Wilson’s departure will leave Republicans without a voice on the Commission until the seat is filled
By: David Bland
On Feb. 14, the Federal Trade Commission’s lone Republican Commissioner, Christine Wilson, announced in a blistering Wall Street Journal op-ed that her resignation was imminent due to her belief that Commission Chair Lina Khan has been abusing her power.
Nominated to the FTC in 2018 by President Trump, Commissioner Wilson is an antitrust lawyer who has penned several dissenting statements to push back on Khan’s ambitious agenda, including the Commission’s November 2022 Policy Statement that more broadly construes “Unfair Methods of Competition.” The FTC had also presented a rulemaking proposal in January 2023 to ban virtually all noncompete contracts.
Wilson Torches Chair Khan’s ‘Abuses’ in ‘Noisy Exit’
Coming four months after the resignation of her Republican colleague, Commissioner Noah Phillips, Wilson echoed Phillips’ frustration with Khan’s enforcement priorities. However, Phillips’ departure was low-key and amiable compared to Wilson’s self-described “noisy exit.”
“Since Ms. Khan’s confirmation in 2021, my staff and I have spent countless hours seeking to uncover her abuses of government power,” Wilson penned in the WSJ opinion piece. “That task has become increasingly difficult as she has consolidated power within the Office of the Chairman, breaking decades of bipartisan precedent and undermining the commission structure that Congress wrote into law.”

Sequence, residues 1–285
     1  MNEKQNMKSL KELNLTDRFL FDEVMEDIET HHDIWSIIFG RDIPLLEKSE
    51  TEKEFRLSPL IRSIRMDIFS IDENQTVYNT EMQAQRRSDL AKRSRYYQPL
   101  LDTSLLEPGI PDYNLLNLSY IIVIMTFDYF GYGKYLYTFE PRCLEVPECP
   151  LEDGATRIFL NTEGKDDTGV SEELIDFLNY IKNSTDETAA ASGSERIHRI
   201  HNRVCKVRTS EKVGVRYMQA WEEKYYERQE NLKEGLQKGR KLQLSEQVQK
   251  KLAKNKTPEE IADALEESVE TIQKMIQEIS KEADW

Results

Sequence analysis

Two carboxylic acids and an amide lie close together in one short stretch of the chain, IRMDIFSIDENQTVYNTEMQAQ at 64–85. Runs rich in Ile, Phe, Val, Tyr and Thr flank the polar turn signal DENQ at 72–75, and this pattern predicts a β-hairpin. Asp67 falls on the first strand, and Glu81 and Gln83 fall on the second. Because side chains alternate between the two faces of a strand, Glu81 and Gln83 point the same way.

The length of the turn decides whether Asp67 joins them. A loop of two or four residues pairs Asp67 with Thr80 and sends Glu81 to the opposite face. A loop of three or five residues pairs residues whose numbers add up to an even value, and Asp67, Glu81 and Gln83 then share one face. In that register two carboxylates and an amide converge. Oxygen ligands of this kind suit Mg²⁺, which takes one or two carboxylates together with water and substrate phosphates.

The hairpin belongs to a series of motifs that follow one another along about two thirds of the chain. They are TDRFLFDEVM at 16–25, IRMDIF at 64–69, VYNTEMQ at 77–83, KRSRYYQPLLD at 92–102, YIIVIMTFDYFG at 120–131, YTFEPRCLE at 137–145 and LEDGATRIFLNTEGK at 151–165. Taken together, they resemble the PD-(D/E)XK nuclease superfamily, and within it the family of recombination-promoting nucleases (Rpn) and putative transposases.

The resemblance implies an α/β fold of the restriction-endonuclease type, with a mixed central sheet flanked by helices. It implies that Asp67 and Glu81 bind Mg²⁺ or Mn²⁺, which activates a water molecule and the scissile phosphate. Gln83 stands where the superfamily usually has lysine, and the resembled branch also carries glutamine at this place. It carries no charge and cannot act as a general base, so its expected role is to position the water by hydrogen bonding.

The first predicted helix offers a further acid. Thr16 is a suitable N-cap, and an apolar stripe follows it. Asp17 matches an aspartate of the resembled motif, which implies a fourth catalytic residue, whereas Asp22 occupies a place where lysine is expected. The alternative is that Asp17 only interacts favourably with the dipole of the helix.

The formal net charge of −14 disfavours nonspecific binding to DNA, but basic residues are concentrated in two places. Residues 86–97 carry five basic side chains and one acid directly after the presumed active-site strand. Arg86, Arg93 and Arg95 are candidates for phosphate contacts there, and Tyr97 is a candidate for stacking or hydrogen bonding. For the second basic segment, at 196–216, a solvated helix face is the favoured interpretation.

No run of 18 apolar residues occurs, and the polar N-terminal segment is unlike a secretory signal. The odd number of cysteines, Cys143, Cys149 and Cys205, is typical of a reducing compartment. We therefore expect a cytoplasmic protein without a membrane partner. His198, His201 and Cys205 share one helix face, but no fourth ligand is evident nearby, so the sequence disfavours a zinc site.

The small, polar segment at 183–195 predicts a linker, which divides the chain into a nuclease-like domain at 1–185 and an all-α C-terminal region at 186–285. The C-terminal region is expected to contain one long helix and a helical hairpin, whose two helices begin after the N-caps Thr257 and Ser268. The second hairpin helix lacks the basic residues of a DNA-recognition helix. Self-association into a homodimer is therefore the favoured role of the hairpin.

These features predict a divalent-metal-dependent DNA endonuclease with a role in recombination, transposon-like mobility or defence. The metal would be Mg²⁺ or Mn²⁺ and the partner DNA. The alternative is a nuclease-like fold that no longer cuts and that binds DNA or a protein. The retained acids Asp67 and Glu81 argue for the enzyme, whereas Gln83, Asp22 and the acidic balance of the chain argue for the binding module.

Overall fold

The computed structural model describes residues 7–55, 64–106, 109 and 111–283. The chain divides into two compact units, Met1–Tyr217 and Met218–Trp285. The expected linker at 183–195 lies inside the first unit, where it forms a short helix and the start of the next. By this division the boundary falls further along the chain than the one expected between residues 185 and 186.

Commissioner Wilson called Chairwoman Khan’s ethics into question for failing to recuse herself from the FTC’s challenge to Meta’s acquisition of a virtual reality gaming company after Khan previously voiced her opinion that Meta should be prohibited from acquiring any new companies. Khan wrote a report on the subject when she was a congressional staffer.
Wilson also questioned the ethics of Khan’s allies—Commissioners Rebecca Slaughter and Alvaro Bedoya—after they heavily redacted Wilson’s dissenting statement on the Meta acquisition case.
“Commission opinions commonly use redactions to prevent disclosure of confidential business information, but my opinion contained no such information. The redactions served no purpose but to protect Ms. Khan from embarrassment,” wrote Wilson.
While Wilson conceded that “elections have consequences,” she stated that her objection to Khan’s leadership goes beyond policy differences. Wilson called the Chairwoman’s honesty and integrity into question and suggested that the annual Federal Employee Viewpoint Survey results convey a drastic drop in the rank and file’s respect for FTC leadership.
In 2020, 87% of FTC survey respondents believed that their senior leaders “maintain high standards of honesty and integrity.” Commissioner Wilson stated that this figure currently stands at 49%.
“Many FTC staffers agree with Ms. Khan on antitrust policy, so these survey results don’t necessarily reflect disagreement with her ends,” Wilson stated. “Instead, the data convey the staffers’ discomfort with her means, which involve dishonesty and subterfuge to pursue her agenda.”
Wilson concluded the WSJ op-ed by categorizing her statements as following her own advice that she would give to her clients when they found themselves in legally questionable situations.